In 2012, 40 DCR sites received and installed 1,787 high efficiency US made Light Emitting Diode (LED) bulbs. The bulbs replaced incandescent and compact fluorescent bulbs resulting in saving 190,000-kilowatt hours annually and labor costs as the useful lifetime of these bulbs is 25,000 hours, compared with 1,000 to 3,000 hours for the incandescent and compact fluorescent bulbs they replaced. To date, 168 LED street lights have been installed on Nonantum Road (Boston, Watertown & Newton) and Nahant Parkway.
DCR maintains over 12,500 streetlights consisting of both metered and unmetered lighting in the service territories of both NSTAR and National Grid and maintains parking lot, pathway, and field outdoor lighting fixtures.
DCR is now studying how to manage, maintain, upgrade and enhance DCR’s lighting to better serve the public interest by promoting cost savings, energy efficiency and public safety. The final report of the study will contain specific recommendations for the installation of a new, more energy efficient lighting system.
Martini Shell Renovation, Hyde Park, Boston
Completed Spring 2011 Neponset River Reservation Cost: $600,000
The Francis D, Martini Memorial Shell in Hyde Park was built in 1960 and designed by A.J. Carpenter, Architect, of Boston. The Band Shell was dedicated to Private Francis D. Martini who was a resident of Hyde Park and killed in action in World War II. The Martini Shell, approximately 34 feet tall and with 234 square feet of stage area, presents a unique sculptural profile. It was originally constructed of steel lath and plaster on a light gauge metal frame with two small storage rooms below/behind the shell.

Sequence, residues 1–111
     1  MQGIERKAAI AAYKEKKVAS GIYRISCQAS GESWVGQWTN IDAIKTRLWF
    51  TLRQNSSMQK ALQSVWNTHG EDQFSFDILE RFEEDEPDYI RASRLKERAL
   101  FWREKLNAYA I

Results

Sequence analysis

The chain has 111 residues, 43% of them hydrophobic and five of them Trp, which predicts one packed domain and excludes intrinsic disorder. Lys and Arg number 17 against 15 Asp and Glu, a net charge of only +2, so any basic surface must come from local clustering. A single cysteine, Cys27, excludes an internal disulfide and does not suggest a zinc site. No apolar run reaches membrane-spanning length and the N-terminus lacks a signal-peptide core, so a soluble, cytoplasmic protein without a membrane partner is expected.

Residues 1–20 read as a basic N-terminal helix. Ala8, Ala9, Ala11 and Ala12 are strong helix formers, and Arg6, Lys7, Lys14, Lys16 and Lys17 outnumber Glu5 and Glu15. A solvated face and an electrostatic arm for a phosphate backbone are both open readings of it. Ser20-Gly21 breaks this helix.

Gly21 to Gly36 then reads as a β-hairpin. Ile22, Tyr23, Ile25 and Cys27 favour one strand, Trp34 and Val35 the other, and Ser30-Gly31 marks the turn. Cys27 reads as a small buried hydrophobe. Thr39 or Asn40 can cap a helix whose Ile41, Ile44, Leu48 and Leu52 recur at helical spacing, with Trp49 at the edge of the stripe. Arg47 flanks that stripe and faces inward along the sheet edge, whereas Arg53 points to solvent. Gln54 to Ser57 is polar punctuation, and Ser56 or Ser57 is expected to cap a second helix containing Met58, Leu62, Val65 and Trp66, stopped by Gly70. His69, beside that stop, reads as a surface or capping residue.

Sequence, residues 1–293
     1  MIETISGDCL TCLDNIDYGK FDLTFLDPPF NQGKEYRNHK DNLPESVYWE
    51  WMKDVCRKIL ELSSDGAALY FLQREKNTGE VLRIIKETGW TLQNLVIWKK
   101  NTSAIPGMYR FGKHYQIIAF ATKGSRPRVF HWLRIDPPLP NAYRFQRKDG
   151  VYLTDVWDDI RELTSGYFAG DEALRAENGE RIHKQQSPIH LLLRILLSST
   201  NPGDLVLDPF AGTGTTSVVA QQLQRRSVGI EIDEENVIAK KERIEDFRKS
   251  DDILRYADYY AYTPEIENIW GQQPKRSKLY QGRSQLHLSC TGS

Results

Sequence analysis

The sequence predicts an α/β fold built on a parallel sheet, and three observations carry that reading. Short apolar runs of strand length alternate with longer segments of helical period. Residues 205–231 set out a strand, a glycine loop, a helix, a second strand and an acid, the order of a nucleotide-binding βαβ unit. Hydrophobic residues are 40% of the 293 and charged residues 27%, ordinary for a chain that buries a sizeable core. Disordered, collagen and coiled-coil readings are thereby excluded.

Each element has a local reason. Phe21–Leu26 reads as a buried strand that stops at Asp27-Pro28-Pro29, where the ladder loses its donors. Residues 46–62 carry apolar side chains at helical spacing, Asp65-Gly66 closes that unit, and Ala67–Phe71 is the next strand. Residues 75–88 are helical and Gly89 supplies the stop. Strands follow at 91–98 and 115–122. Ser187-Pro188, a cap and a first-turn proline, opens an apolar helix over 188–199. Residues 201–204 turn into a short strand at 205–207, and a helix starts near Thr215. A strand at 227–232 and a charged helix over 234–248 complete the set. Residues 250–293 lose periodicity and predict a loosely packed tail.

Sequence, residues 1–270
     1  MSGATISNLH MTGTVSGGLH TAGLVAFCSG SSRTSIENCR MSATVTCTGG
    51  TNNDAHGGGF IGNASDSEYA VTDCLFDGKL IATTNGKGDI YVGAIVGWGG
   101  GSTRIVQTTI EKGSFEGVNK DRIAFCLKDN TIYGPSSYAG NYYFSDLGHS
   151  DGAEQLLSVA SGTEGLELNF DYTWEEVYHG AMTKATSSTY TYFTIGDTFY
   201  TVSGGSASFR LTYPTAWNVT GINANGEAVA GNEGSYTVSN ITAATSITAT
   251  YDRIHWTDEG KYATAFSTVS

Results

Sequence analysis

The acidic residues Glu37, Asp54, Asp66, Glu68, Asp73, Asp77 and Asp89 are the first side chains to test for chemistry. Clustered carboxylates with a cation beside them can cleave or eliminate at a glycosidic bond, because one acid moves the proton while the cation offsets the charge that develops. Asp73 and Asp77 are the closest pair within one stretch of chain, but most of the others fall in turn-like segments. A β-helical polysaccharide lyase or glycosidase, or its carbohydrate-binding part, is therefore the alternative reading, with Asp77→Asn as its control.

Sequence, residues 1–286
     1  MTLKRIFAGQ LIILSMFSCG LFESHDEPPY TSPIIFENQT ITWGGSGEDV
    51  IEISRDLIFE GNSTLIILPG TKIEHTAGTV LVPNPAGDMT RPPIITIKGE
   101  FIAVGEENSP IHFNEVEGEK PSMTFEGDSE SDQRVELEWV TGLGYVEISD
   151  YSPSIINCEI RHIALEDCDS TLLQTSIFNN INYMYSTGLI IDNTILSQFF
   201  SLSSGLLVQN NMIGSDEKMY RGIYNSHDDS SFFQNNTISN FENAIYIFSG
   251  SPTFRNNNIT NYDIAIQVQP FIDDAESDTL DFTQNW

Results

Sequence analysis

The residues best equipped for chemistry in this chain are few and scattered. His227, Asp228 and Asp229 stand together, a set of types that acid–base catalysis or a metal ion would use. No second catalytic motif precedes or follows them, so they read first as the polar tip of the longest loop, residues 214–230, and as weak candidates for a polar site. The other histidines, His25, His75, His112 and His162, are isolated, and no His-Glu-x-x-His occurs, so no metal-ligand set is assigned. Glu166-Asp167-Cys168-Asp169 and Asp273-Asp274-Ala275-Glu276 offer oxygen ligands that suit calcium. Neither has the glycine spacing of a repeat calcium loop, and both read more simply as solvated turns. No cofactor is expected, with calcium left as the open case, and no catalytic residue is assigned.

Over the years the Martini shell fell into disrepair and was heavily vandalized with graffiti and suffered from years of lack of maintenance. This project involved complete renovation of the Martini Shell. The shell itself was completely stripped, waterproofed and recoated with stucco. An exterior deck was added as well as a sloped walkway to improve access for equipment handling. The area was landscaped to improve overall aesthetics. The interior spaces were re-worked to provide a staging area and dressing room area for productions. Additionally a restroom was added to the facility. The facility was made universally accessible and brought up to current codes. This facility serves as a community theater for local groups (musicians, theater productions, etc.).